Welcome to a new week and also to our third multi-day severe threat in as many weeks. Spring is pulling no punches this year as it keeps handing us active weather, both now and potentially in the medium-term.
Today’s severe weather is already in progress as a few more discrete cells have reached/exceeded severe thresholds in the past hour or so.
Generally, the greater tornado threat in a set-up like this comes from the discrete cells in the front half of the event. Not so with tonight’s activity.
The biggest threat from earlier activity will be large hail thanks to steep lapse rates facilitated by cold air aloft. Damaging winds will be a concern as well, but not as much of a concern as they will be in the overnight hours.
The current convection is expected to grow upscale into a line by later this evening. Generally, this is when the main threat switches from hail and/or tornadoes to damaging winds. While the damaging wind threat will absolutely increase with gusts over 75 mph possible, so will the QLCS tornado threat.
The surface low is forecast to deepen as it moves east over night. Consequently, the low level jet will strengthen, pulling in more moisture and increasing shear. Once the line arrives further east, it will find a much more favorable environment for severe weather than the one it started in this evening.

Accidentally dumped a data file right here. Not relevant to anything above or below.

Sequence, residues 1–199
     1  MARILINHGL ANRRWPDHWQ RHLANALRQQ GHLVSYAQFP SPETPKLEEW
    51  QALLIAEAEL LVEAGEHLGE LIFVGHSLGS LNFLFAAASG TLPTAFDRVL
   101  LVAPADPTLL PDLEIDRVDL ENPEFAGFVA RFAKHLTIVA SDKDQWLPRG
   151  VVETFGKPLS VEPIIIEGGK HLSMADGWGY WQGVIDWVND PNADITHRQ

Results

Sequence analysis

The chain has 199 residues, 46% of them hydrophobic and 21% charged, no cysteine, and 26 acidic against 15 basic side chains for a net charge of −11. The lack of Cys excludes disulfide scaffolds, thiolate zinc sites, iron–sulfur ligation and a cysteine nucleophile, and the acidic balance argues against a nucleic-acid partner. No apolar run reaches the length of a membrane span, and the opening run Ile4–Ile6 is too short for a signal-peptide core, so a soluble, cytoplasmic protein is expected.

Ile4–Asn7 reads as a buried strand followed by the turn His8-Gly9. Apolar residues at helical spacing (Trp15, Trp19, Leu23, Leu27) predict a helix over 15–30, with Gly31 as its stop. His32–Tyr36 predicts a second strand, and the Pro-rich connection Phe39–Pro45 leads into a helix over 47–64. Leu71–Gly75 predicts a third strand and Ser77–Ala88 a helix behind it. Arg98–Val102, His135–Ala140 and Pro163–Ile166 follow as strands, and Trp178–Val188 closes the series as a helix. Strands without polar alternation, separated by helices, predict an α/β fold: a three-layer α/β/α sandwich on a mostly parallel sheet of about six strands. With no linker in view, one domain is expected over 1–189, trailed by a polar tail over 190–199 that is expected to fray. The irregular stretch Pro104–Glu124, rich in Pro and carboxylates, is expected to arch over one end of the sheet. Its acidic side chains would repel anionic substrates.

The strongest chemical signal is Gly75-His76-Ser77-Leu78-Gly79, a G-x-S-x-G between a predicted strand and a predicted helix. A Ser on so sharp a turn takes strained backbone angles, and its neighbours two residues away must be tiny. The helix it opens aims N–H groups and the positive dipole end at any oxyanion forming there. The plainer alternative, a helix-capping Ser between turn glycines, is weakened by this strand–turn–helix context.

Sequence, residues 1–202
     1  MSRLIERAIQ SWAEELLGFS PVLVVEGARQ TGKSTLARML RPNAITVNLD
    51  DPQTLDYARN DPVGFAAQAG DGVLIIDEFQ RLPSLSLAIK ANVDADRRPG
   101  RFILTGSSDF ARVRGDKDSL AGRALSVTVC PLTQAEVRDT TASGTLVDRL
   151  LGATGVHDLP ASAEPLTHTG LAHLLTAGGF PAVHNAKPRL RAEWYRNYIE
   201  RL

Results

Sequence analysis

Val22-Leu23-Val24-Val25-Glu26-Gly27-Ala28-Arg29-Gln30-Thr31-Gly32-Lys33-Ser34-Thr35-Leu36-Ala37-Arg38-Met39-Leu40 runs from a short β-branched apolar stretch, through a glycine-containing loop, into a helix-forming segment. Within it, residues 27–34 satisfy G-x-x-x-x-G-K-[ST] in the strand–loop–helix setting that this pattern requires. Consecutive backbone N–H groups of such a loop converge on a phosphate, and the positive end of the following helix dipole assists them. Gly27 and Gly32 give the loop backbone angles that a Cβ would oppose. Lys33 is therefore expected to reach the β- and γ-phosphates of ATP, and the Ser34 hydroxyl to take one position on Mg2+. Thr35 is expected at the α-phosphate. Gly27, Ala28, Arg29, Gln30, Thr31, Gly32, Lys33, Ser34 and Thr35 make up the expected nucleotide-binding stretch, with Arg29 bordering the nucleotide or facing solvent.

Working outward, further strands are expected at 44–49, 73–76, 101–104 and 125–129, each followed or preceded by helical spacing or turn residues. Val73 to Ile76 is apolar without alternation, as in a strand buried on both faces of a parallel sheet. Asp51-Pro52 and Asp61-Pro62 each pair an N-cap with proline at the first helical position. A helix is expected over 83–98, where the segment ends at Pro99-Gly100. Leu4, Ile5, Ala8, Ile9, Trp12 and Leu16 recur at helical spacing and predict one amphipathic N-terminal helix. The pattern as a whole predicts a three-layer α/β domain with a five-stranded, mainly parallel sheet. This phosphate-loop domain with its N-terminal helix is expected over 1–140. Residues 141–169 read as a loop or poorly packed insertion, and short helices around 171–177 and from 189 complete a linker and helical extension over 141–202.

- Enough shear – 45+ kts of 0 to 6 km – to support and sustain supercells embedded in the line.
- Directional shear from SE at the surface to SW in the mid-levels to help spin up tornadoes.
- Dry air and strong winds (50+ kts) aloft. Dry air can entrain into the updrafts, bringing these mid-level winds to the surface. Strong enough for severe wind gusts 75 mph or greater.
- Slight cap requires extra forcing to break. This could come in the form of the cold front itself, along the lifting warm front, or if enough instability is added via the low-level jet for pre-frontal cells to develop ahead of the line.
The forecasted sounding above was taken from near the LA/MS border in the early morning hours (around 3/4/5 am). So, we can clearly see that the threat will only increase overnight instead of decreasing as is more common than not.
For this reason it is imperative to have ways to receive warnings that will, without a doubt, wake you. Be ready to act on your plan to shelter at a moment’s notice, especially since QLCS tornadoes are expected. These are known to spin up quickly and often have reduced lead time on their warnings. It may be prudent to consider sleeping in your safe space tonight if your area is expecting the early morning portion of the event.
This event will be on-going tomorrow morning and is expected to present a potent threat later in the day for a portion of the southeast. I’ll have a blog up addressing that in the morning, so stay tuned!